My Internet service provider (ISP) Speakeasy Networks was just purchased by Best Buy. I was hoping the press release carried an April 1st dateline, but no such luck.
I’ve been a customer of Speakeasy for home and business for several years. While they charge 10 to 30 percent more than Qwest, the incumbent phone company in Washington State, Speakeasy has earned the difference by being generally responsive: they have great technical support, they go the extra mile, and they live up to their promises.
In one case, when moving our connection from one office to another – the office I share with TidBITS Managing Editor Jeff Carlson and others – Speakeasy was willing to help me get both DSL connections live at the same time and flip a switch to move our Internet protocol (IP) network from the one connection to the other on command. That’s above and beyond what almost any ISP will do.
A year or so ago, I added their Internet telephony service that combines voice over IP (VoIP) with unlimited long-distance calling in North America, later extended to landlines and some cell systems in a total of 22 countries worldwide. Because Speakeasy provisions the VoIP connection on my end (through a device common to all VoIP providers) and their end (at the DSL termination point, something unique to DSL and cable providers), the VoIP lines’ quality was just as good as my landlines.
Speakeasy is also the only ISP of any scale in the United States that permits its subscribers to share their broadband connections for free or for a fee with guests, neighbors, or customers. Most ISPs either outright disallow any form of sharing, or require an expensive business offering. Speakeasy also doesn’t limit bandwidth use or charge for “excess” use. (They do reserve the right to cut off customers engaged in activities that violate their use policies, but those tend to involve illegal software trading or massive file exchanging.)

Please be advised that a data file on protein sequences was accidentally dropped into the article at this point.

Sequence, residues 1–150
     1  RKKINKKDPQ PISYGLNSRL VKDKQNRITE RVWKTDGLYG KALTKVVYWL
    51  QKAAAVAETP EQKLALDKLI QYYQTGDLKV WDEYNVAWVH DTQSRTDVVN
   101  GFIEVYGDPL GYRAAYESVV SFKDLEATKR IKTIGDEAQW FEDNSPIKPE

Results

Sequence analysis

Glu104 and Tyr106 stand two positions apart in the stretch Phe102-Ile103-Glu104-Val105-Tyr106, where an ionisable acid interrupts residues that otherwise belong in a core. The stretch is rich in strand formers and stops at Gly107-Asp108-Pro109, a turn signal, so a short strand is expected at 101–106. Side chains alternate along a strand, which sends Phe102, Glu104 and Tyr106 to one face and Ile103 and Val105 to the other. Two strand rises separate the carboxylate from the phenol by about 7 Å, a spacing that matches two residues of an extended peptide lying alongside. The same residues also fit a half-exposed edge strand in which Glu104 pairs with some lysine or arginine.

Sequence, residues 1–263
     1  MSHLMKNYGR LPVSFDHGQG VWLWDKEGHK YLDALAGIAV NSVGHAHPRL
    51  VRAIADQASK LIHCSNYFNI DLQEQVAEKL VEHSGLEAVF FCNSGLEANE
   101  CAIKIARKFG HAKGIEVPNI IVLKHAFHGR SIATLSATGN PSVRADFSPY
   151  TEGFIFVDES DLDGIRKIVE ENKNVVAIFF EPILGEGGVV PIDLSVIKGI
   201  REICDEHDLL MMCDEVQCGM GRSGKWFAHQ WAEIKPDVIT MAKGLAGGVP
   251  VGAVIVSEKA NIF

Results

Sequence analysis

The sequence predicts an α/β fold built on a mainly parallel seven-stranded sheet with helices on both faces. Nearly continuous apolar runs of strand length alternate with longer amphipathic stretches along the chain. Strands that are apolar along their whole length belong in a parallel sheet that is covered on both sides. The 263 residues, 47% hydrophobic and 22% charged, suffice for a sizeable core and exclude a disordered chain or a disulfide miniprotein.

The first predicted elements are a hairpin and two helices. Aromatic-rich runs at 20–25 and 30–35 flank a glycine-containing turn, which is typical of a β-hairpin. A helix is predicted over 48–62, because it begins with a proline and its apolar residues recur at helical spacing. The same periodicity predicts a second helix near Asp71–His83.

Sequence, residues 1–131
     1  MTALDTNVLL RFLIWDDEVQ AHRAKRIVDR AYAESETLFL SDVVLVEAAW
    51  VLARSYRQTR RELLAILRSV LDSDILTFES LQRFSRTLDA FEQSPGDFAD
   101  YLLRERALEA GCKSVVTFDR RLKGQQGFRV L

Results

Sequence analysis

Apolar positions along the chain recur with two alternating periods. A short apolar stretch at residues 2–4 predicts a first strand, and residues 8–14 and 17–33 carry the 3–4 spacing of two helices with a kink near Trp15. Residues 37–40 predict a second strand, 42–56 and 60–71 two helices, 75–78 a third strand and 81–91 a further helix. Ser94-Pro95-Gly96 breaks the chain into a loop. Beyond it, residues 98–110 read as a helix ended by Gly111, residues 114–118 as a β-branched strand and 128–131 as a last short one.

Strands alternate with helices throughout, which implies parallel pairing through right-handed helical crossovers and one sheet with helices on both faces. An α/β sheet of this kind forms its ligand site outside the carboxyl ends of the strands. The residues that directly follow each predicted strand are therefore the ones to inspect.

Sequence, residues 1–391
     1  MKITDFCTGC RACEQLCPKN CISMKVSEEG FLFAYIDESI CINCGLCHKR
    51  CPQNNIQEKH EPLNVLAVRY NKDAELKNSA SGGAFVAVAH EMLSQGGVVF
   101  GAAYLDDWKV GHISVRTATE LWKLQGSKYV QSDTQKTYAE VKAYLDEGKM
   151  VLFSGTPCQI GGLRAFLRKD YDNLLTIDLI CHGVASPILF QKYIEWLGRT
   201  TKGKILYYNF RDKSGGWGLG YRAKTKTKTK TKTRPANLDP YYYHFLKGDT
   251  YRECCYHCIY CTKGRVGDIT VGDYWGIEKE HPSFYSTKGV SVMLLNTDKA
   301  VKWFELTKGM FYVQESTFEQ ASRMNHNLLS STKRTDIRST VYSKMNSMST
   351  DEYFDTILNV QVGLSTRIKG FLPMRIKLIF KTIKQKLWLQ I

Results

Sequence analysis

A Speakeasy spokesperson confirmed via email that the sharing policy would remain unchanged with the acquisition, and said that Speakeasy would remain Speakeasy.
But I’m worried nonetheless. Best Buy is a massive corporation; Speakeasy, while national, was local to me in Seattle. Best Buy is publicly held; Speakeasy was private. Best Buy is an aggressive, profit-driven firm that squeezes pennies and has a scenario-based store strategy that lets them size up customers and upsell to them; Speakeasy, while trying to be profitable, always seemed to be aiming for high-end customer support and service to stand out in the broadband industry, an industry that’s not just dominated but biased in favor of the incumbent phone and cable firms.
Interestingly, the deal isn’t so much about broadband – Speakeasy works closely with Covad to handle its DSL lines – but about VoIP. The press release goes on and on about VoIP, especially for small businesses, which often fall into the cracks between small customers and big businesses. Broadband is a marginal business relative to VoIP, in which there are much bigger dollars to be made. By combining broadband and VoIP into a single offering sold over naked DSL – no dial tone from the local telco required – Speakeasy can bypass the incumbent providers over whose wires Speakeasy’s service runs.
I’m still having palpitations, but we’ll see where the business goes. I liked my mom-and-pop ISP, the only national firm I know of that still retained that feeling. I’m nervous about their new corporate overlords.